As I mentioned earlier, I used pocket stays to create a little more support around the tummy area. I thought it was a good move since this floral denim is so stretchy and one of the reasons I liked the Jenny pattern was the tailored silhouette and simple, flat front on the pants. If you have ever made high-waisted trousers with a stretch woven, a pocket stay would be a great addition as the transition from a rigid, interfaced waistband to a stretchy, forgiving fabric around the tummy area can be not the most flattering (or comfortable) combination. The pocket stay also gives the front of the pants more support so the waistband is less likely to dig in at the waist while in a seated position. You can use scraps of quilting cotton or cotton shirting for the pocket stays. The pattern will not be visible after construction.

Shorts pants with pocket stay
Shortalls shown inside out with red gingham pocket stays.

The last modification, I followed this tutorial on CCP’s website to add the hip buttons along the sides. I used my new sewing machine, a Bernina 570, to add keyhole-shaped buttonholes. The shank of the buttons fit perfectly in these buttonholes, so they will also wear better.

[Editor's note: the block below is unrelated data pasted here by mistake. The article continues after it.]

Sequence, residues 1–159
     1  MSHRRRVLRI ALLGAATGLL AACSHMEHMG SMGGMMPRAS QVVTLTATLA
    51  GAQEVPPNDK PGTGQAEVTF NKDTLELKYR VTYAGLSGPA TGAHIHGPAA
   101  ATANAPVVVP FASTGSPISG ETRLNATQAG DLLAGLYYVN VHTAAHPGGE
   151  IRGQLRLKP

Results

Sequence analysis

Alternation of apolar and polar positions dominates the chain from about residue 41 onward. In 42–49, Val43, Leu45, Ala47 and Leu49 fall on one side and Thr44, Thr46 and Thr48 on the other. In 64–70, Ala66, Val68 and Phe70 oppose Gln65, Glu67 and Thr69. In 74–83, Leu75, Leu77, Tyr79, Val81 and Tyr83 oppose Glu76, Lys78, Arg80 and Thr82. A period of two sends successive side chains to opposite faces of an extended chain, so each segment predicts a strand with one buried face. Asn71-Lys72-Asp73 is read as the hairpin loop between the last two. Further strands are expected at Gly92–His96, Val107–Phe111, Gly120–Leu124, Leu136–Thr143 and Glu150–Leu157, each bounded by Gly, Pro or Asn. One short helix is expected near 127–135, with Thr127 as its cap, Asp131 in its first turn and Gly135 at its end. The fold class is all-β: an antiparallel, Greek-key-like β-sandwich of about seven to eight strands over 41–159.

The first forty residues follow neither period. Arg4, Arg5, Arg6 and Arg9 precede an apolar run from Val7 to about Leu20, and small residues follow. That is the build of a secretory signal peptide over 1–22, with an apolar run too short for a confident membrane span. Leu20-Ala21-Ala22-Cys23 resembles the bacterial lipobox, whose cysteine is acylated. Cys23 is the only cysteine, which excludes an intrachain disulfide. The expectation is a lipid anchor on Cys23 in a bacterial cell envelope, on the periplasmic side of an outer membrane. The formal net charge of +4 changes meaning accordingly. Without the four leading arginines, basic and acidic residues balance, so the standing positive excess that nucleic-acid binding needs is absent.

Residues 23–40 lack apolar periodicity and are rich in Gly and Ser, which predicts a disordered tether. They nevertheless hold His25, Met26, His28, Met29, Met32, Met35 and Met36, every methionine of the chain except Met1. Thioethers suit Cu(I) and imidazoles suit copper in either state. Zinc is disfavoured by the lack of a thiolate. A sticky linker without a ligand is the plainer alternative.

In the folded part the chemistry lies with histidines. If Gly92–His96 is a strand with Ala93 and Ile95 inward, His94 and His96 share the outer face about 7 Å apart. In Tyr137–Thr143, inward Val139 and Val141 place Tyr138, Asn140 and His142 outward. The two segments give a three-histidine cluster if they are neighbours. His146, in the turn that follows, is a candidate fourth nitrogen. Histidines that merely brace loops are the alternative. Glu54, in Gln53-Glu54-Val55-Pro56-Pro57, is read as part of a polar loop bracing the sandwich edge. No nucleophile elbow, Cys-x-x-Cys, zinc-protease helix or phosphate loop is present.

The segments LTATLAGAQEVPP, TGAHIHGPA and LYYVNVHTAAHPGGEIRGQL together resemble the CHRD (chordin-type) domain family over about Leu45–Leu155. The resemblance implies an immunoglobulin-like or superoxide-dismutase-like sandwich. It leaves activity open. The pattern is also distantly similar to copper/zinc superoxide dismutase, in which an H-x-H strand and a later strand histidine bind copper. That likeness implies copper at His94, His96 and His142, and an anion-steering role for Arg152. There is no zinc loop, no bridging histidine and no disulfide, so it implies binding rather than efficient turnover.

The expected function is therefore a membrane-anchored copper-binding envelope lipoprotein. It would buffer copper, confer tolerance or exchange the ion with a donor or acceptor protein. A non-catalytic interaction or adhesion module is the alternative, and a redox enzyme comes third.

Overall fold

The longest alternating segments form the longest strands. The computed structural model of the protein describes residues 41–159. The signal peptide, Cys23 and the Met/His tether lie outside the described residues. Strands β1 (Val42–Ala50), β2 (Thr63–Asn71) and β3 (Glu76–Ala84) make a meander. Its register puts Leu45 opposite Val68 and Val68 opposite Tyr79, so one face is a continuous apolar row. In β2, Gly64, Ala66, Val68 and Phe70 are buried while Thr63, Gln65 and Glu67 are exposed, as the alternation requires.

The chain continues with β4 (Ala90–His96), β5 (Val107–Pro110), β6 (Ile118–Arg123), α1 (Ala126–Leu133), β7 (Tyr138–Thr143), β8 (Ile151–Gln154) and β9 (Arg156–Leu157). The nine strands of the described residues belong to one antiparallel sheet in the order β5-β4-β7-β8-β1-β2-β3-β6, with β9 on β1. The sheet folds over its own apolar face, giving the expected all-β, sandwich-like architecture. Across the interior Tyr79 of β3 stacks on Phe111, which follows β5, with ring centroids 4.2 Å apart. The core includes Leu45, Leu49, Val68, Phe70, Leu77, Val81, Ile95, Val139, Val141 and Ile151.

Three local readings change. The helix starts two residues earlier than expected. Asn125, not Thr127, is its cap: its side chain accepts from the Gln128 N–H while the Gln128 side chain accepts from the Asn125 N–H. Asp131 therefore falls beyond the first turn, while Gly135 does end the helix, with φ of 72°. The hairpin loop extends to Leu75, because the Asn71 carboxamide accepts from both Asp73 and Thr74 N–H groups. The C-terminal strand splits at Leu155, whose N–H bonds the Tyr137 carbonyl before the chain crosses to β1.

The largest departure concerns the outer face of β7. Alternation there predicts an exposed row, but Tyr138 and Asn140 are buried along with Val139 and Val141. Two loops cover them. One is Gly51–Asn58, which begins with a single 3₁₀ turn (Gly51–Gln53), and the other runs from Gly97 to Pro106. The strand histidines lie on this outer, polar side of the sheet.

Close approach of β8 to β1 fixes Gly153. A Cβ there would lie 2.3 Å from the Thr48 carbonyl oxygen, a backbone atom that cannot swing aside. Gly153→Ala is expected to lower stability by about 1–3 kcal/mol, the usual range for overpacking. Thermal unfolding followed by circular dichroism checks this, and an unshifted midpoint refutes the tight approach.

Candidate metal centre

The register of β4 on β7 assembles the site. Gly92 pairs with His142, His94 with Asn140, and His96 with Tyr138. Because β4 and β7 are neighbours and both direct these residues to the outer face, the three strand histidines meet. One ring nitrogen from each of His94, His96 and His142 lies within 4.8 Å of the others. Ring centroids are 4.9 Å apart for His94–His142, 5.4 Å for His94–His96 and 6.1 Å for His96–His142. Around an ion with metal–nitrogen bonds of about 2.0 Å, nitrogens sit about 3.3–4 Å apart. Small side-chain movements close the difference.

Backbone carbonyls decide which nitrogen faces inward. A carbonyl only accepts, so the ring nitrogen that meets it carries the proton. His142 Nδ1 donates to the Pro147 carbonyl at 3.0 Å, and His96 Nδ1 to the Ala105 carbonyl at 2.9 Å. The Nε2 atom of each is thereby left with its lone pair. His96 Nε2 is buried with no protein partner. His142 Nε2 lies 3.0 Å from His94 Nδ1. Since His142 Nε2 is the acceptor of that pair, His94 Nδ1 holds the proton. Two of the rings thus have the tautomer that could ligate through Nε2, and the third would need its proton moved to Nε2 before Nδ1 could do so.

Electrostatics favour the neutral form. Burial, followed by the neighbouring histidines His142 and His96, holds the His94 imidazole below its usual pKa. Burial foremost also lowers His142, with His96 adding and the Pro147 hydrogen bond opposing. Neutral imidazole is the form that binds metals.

Closet core Jenny overalls side buttons

If I choose to make these again, which I likely will, I would like to size up one size, increase and lower the back crotch curve just a little and maybe lower the back pockets 3/4 inch. Overall, I think these fit great especially since I didn’t make a muslin first!

Closet core Jenny
Closet core Jenny
Closet core jenny

Dana’s Wedding Dress

Photo by Chelsea Paige Photography / Little White Box

First of all, obviously it is no surprise to you that I have been MIA here. A lot has happened in my life since my last post. I had a baby in April 2020, and shortly after that, my father-in-law was diagnosed with terminal brain cancer (if you pray, please say a prayer for him). Spending time with family has been my main priority over the last year. I have sewn a few things for my son but chose to spend the time I would have spent typing a post hanging out with family and soaking up every second with them.

Even though 2020 was a very grim year, one of the highlights was discovering I would have the opportunity to make part of a friend’s most supreme garment she would ever wear: her wedding dress. My friend Dana contacted me last year seeking some advice about her wedding in May. She had purchased an organza skirt with a train for her wedding day from BHLDN. They sell separates you can mix and match on your wedding day! Instead of buying a top from the same place she had her heart set on something else. She showed me an inspiration picture that was boat neckline, had princess seams that started from the armholes and had a very low “V” back. Her ideas really spoke to me and I was practically jumping up and down in excitement. Her dress would be classic, elegant and so very “Dana”. The original plan was to make the bodice, attach it to the skirt (which had a zipper closure at the center back), and add a couple hooks and eyes at the center back of the bodice to close it up the rest of the way. Seems simple right?